Smalley also professes a lack of surprise about the revelations and suggests they'll have little impact: "Still, such is Key's popularity; much of New Zealand will accept what he says and move on. These revelations today won't exercise the country. We simply don't care enough about spying. We really don't. Many of us adopt the 'nothing to hide, nothing to fear' approach. Ultimately this is what we do to be part of the club".
What's really new?
So are the Snowden revelations about New Zealand really nothing to be concerned about? In fact, there are some very important new allegations and issues raised.
The documents show that the spying is significantly more in depth than we previously believed. Rather than just recording the metadata, the GSCB is 'hoovering up' everything. All communications are being included in what the documents call 'full-take collection'. This is best explained in the central new article - Nicky Hager and Ryan Gallagher's Herald piece, The price of the Five Eyes club: Mass spying on friendly nations and sending vast amounts of intelligence to NSA.
On this point, Danyl Mclauchlan says "we didn't know it was mass surveillance, and we didn't know that all of the data was simply forwarded to the US. The argument for the GCSB's activities has always been that it safeguards our regional security interests. But now we know that its primary function is diplomatic" - see: And we're off.
New Zealand's exploitation of the Pacific
The central outcome of the latest revelations is the idea that New Zealand plays a hostile role within the South Pacific, and effectively exploits its Pacific neighbours. This goes against the long-running notion that New Zealand plays a benevolent role in its "sphere of interest".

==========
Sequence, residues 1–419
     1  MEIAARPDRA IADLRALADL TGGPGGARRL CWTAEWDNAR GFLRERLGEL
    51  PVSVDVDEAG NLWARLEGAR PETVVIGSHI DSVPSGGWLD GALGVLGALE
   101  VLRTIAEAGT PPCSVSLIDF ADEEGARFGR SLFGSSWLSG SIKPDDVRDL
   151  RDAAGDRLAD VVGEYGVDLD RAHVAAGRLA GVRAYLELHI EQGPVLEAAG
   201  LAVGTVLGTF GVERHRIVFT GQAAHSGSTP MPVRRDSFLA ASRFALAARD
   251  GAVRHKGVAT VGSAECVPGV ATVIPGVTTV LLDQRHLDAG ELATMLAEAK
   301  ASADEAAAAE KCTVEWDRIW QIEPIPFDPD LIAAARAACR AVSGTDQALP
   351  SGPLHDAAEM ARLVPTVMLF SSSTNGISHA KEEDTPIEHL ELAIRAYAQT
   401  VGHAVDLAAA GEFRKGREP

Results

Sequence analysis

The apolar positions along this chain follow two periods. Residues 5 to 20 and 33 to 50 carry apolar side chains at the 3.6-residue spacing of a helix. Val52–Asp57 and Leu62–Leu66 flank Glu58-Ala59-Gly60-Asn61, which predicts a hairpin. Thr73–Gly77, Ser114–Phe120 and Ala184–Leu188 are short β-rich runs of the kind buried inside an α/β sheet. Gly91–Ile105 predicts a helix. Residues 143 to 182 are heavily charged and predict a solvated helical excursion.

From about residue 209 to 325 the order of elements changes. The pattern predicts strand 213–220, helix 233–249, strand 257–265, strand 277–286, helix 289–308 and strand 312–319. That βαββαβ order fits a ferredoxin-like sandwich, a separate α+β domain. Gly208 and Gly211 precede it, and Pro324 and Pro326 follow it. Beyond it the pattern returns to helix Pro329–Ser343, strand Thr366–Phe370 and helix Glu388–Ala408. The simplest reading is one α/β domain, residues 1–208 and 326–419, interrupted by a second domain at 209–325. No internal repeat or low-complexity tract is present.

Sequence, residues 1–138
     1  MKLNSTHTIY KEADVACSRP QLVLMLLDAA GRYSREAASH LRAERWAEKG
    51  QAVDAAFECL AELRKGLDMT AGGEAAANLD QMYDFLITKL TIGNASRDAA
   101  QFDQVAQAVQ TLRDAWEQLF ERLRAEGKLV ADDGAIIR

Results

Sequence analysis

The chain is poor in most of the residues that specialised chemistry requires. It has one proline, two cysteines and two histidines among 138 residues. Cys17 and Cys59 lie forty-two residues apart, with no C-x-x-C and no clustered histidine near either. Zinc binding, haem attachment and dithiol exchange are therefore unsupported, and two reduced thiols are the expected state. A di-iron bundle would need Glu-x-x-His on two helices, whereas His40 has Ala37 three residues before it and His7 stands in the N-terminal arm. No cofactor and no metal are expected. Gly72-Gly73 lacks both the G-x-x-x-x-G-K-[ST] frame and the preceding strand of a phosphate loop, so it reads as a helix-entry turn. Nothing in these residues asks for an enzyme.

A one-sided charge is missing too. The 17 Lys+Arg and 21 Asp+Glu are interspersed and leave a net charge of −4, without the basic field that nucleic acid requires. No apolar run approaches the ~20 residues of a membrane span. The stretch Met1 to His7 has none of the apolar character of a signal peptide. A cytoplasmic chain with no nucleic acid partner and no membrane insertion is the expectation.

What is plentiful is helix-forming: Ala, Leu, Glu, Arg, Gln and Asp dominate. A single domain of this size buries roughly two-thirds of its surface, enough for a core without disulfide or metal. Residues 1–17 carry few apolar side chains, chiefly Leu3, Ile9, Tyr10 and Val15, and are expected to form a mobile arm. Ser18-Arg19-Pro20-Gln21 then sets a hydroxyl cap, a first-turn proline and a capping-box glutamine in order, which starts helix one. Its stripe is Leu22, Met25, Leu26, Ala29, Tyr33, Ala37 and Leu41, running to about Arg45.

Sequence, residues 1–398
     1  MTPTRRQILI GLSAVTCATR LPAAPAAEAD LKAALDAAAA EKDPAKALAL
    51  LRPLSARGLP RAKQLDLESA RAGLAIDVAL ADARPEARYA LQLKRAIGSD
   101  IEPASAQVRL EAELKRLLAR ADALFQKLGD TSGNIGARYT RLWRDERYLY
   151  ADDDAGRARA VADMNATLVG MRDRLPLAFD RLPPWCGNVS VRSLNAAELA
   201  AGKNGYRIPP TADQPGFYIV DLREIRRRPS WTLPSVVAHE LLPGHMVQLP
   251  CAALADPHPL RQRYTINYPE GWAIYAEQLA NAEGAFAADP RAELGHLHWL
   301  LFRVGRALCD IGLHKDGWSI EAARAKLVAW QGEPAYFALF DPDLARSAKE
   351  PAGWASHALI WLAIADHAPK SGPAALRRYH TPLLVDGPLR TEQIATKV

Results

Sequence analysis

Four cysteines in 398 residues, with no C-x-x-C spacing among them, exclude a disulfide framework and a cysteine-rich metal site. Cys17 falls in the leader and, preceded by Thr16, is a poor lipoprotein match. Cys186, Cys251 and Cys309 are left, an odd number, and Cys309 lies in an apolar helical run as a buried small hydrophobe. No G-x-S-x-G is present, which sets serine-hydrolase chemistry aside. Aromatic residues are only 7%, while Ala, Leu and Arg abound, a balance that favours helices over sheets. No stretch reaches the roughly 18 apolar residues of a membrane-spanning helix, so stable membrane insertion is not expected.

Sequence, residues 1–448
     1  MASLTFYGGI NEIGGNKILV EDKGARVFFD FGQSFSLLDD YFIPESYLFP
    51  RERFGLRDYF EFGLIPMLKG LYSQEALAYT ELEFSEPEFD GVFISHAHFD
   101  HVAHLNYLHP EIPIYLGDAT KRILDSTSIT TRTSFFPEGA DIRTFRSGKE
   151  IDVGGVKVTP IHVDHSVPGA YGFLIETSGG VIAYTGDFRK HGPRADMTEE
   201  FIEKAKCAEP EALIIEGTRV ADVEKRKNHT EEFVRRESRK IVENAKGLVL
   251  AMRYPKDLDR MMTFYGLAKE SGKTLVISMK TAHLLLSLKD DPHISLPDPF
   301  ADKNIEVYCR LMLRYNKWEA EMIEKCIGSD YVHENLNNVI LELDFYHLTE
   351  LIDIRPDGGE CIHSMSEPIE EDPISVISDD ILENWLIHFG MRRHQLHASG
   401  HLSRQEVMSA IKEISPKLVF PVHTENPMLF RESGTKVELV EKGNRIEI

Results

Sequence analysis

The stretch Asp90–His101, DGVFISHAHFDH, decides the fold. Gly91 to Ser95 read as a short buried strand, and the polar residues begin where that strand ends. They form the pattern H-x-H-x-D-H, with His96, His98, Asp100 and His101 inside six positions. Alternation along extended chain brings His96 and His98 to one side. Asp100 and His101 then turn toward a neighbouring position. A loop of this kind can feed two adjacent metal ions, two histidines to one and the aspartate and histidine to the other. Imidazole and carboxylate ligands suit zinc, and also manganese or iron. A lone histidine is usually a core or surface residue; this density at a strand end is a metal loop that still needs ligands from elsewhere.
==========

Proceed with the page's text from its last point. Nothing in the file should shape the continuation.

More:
Hager says the documents show that New Zealand has really "sold out our neighbours, big time, to the US intelligence agencies" - see Aimee Gulliver's Nicky Hager: NZ spying to secure our place in the 'club'. He suggests that those countries are now entitled to "feel pretty cheated".
This could therefore lead to some significant problems for New Zealand's relationships in the region. As David Fisher says, "Similar revelations of spying on friendly nations abroad have caused diplomatic rifts" - see: Leaked documents show New Zealand spies on its Pacific friends and sends the data to the US.
But, for an in-depth counterview, see long-time Pacific affairs journalist Michael Field's New Zealand right to spy on Pacific Island neighbours. He says that the severe problems of the region means that it's entirely proper that New Zealand keeps a watch on all activity there.
See also, Field's report, Snowden docs show Digicel hampering spying.
Serving elite interests
The latest revelations raise many important questions about power in the world, and whose political and economic interests are being served by New Zealand's advancing intelligence exercises.
This is nicely discussed by Danyl Mclauchlan in his blog post, And we're off: "this is an area in which 'national interest' and the interests of politicians, diplomats and intelligence elites blur into each other.